From May until November 1961, more than 400 diverse and committed Americans rode south together on buses and trains, putting their bodies and freedom on the line to challenge the Jim Crow laws that enforced racial injustice and inequality in public transportation. The Freedom Rides changed the Civil Rights Movement and demonstrated the power of individual action to change the nation.
On Wednesday, February 9, 2011, 12:00-1:15PM EST, middle and high school students across the country will join together electronically for a National Youth Summit on the Freedom Rides and activism at the Smithsonian’s National Museum of American History. Freedom Rides veterans Congressman John Lewis, D-GA, Diane Nash, Jim Zwerg, and Reverend James Lawson will share how they became involved in the Freedom Rides and how their lives were affected by them. They will join filmmaker Stanley Nelson (Freedom Riders) and scholar Raymond Arsenault to discuss the meaning of the Freedom Rides and the role of young people in shaping America’s past and future.
The discussion in Washington will be joined by five audiences at Smithsonian Affiliate museums around the nation as well as by registered viewers of the webcast. The Affiliates’ programs will be augmented by a discussion guide produced by the National Museum of American History. Each Affiliate will welcome a veteran Freedom Rider to their museums to participate in the discussion and coordinate with local schools to engage students.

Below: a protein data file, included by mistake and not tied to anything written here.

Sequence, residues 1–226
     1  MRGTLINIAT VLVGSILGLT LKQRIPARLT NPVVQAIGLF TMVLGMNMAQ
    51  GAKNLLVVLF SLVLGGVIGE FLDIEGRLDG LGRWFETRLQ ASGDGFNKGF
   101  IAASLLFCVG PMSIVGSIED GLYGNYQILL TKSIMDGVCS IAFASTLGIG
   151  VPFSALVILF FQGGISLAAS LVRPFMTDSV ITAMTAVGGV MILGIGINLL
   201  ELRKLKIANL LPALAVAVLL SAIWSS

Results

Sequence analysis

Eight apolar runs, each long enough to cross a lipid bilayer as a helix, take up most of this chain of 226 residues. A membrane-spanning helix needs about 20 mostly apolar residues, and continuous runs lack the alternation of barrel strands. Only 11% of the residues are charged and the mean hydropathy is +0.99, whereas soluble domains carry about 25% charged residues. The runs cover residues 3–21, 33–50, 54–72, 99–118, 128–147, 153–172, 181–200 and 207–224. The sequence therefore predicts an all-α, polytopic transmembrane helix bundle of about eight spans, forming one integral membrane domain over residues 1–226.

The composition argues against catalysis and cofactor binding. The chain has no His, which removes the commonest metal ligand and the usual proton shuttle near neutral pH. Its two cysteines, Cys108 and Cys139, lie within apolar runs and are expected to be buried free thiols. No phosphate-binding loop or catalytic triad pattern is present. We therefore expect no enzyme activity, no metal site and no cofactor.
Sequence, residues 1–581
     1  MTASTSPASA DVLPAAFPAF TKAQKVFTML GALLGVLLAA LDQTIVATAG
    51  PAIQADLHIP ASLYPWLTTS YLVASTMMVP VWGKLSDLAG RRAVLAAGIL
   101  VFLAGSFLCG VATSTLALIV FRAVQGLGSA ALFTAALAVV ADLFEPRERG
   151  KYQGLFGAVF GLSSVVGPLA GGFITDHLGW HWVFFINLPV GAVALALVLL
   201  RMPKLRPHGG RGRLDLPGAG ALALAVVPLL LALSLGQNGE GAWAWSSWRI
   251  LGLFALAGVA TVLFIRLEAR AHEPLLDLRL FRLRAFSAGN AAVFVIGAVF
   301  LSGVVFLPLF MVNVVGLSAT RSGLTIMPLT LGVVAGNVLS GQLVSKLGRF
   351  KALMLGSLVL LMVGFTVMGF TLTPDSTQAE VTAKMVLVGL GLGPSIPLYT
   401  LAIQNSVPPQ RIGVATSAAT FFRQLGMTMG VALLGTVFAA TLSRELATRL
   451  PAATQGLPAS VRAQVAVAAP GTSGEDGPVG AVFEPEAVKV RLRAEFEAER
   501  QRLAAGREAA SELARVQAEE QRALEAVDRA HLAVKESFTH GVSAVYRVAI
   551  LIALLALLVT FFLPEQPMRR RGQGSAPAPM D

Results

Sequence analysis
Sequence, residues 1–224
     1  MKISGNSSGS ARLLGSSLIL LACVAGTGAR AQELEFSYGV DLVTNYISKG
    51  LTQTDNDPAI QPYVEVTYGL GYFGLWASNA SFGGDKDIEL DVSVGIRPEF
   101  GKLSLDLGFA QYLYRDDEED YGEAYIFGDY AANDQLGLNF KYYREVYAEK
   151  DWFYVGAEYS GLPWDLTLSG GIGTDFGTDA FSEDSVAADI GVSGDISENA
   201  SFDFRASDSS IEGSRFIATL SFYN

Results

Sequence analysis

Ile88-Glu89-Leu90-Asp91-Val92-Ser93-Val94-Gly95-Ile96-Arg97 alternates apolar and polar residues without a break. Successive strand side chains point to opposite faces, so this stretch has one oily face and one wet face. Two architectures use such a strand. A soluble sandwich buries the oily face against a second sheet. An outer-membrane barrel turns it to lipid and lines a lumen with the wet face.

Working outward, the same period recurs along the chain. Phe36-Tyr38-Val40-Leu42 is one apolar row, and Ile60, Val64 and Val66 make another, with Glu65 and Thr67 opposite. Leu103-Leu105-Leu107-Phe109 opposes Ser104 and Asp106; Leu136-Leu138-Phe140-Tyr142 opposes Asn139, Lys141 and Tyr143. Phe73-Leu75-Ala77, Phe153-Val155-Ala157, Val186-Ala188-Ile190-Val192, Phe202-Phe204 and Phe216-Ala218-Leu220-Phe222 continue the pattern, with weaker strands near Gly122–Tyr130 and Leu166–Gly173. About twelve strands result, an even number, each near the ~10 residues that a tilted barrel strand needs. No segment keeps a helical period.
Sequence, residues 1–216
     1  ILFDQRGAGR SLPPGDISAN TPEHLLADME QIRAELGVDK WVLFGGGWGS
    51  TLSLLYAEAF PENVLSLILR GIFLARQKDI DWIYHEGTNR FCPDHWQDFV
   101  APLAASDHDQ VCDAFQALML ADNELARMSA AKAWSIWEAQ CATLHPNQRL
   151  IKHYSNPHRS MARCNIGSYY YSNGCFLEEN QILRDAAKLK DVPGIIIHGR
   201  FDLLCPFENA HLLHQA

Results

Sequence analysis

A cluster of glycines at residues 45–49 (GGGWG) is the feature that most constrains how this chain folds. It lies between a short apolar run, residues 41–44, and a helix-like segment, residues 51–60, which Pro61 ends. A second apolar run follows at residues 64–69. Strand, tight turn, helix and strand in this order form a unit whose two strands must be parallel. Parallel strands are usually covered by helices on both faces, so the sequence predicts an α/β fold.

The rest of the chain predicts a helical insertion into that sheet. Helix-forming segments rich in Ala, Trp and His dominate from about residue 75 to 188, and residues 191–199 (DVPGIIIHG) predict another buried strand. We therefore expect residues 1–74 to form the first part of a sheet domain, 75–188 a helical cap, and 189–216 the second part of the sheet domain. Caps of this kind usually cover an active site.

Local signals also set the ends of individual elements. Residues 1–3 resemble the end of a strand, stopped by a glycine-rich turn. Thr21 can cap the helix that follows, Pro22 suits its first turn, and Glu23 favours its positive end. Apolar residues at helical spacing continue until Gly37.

The Affiliate museums and their legendary Freedom Riders are:
- National Underground Railroad Freedom Center (Cincinnati, Ohio) will welcome Thomas Armstrong.
- Senator John Heinz History Center (Pittsburgh, Pennsylvania) will welcome Joan C. Browning and Winston Fuller.
- Birmingham Civil Rights Institute (Birmingham, Alabama) will welcome Catherine Brooks Burks.
- Japanese American National Museum (Los Angeles, California) will welcome Helen Singleton and Robert Singleton.
- The Arab American National Museum (Dearborn, Michigan) will welcome Gordon Negen.
Students will be encouraged to participate in the discussion through the National Museum of American History’s email, Facebook, Twitter, and the conference portal, and will be asked to think about themselves as makers of history.
Registration is free, and will include access to preparatory classroom materials, film clips, follow-up materials, and technical assistance. Register today!
The National Youth Summit is presented by the National Museum of American History, the National Museum of African American History and Culture, and the National Endowment for the Humanities, in collaboration with Smithsonian Affiliations and American Experience/WGBH.